Every Sunday, reporter Deborah Solomon conducts a weekly Q&A with a newsmaker for the New York Times Magazine. ThisSunday it wasunrepentant domestic terrorist - and long-standing Obama associate - Bill Ayers, a man the Times did its best to render un-newsworthy during the presidential campaign.
Just as the Times did with its front-page inoculation "investigation" last October, Solomon also helped bailed out Ayers' reputation, taking a mildly negative tone in only two out of a total of 15 questions she put to him. Solomon began with political fluff:
In your new book, "Race Course: Against White Supremacy," you and your wife, Bernardine Dohrn, describe your long struggle against racism and social injustice. Do you think Obama's victory has put America on a new course?
These three questions were as hostile as Solomon got:
How did you feel when Obama publicly disowned you, describing you as a guy in his neighborhood who had committed "despicable acts" when he was 8 years old?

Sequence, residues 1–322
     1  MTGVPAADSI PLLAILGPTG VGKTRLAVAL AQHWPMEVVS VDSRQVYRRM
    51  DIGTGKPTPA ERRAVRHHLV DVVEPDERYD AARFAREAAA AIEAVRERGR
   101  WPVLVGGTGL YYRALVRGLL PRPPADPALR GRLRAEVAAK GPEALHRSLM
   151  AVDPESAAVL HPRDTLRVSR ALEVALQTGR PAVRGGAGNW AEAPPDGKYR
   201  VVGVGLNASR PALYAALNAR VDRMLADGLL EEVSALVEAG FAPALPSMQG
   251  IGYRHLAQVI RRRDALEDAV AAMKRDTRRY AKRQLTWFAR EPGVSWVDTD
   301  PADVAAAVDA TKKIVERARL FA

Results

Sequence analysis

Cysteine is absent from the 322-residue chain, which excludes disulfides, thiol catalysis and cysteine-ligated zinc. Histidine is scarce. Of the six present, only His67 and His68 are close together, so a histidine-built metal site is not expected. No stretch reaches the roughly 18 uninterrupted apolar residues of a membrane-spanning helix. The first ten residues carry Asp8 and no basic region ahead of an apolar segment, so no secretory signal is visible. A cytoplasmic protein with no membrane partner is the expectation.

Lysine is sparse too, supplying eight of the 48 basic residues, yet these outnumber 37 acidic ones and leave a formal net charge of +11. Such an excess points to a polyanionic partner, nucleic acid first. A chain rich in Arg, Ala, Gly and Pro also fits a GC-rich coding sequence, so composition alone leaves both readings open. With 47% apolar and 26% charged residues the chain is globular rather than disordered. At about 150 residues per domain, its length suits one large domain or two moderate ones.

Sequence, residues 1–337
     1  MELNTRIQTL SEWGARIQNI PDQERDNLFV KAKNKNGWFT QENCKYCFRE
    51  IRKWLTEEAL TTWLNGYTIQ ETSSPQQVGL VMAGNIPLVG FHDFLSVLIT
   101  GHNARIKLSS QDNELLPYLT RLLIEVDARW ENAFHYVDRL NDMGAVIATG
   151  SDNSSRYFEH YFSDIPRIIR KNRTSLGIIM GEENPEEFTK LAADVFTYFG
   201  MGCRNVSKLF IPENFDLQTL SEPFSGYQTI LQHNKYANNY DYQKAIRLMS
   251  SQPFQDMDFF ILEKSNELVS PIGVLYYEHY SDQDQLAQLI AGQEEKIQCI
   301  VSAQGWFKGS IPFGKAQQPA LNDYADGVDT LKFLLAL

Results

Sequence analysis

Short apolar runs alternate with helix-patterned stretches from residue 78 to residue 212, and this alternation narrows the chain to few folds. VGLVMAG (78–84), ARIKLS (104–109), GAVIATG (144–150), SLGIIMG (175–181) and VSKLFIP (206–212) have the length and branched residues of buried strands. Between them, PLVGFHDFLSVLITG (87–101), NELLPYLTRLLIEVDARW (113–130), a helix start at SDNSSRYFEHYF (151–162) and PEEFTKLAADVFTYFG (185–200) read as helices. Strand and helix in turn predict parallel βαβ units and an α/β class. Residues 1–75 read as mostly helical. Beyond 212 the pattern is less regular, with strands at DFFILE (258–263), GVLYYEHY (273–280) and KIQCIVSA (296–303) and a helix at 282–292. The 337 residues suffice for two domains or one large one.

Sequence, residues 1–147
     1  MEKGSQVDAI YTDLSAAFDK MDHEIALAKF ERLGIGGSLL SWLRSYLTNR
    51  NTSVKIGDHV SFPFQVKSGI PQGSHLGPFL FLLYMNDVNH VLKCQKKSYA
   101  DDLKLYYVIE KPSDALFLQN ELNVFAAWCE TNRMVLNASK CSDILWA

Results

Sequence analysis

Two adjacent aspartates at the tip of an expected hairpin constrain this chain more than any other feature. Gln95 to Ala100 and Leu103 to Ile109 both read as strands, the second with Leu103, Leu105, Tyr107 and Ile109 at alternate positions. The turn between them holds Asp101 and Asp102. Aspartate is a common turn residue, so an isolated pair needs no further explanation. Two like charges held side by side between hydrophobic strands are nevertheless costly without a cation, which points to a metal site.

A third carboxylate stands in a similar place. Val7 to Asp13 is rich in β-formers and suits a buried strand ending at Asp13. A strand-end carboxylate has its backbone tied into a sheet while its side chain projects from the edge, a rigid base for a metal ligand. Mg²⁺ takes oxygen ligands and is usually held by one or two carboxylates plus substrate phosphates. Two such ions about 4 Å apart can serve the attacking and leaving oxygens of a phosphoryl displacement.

Right, the Weathermen, which you co-founded, did hurt the antiwar movement by adopting violent tactics and alienating the middle class.
Do you regret your involvement in setting off explosions in the Pentagon and the U.S. Capitol?
Solomon concluded with two cheery queries:
How do you feel when you wake up?
You're weirdly cheerful for a former bomb-thrower.
Contrast the soft questioning of Ayers to the untrammeled hostility with which Solomon greeted the late conservative icon William Buckley, the founder of National Review. Buckley was grilled by Solomon for the July 11, 2004 edition of the Times. Of the 20 questions Solomon asked Buckley, almost half were negative in tone, including these:
You have made so many offensive comments over the years. Do you regret any of them?
It's not fair to blame the press. Some of your most inflammatory comments have been made in your essays and columns. In the 50's, you famously claimed that whites were culturally superior to African-Americans.
You seem indifferent to suffering. Have you ever suffered yourself?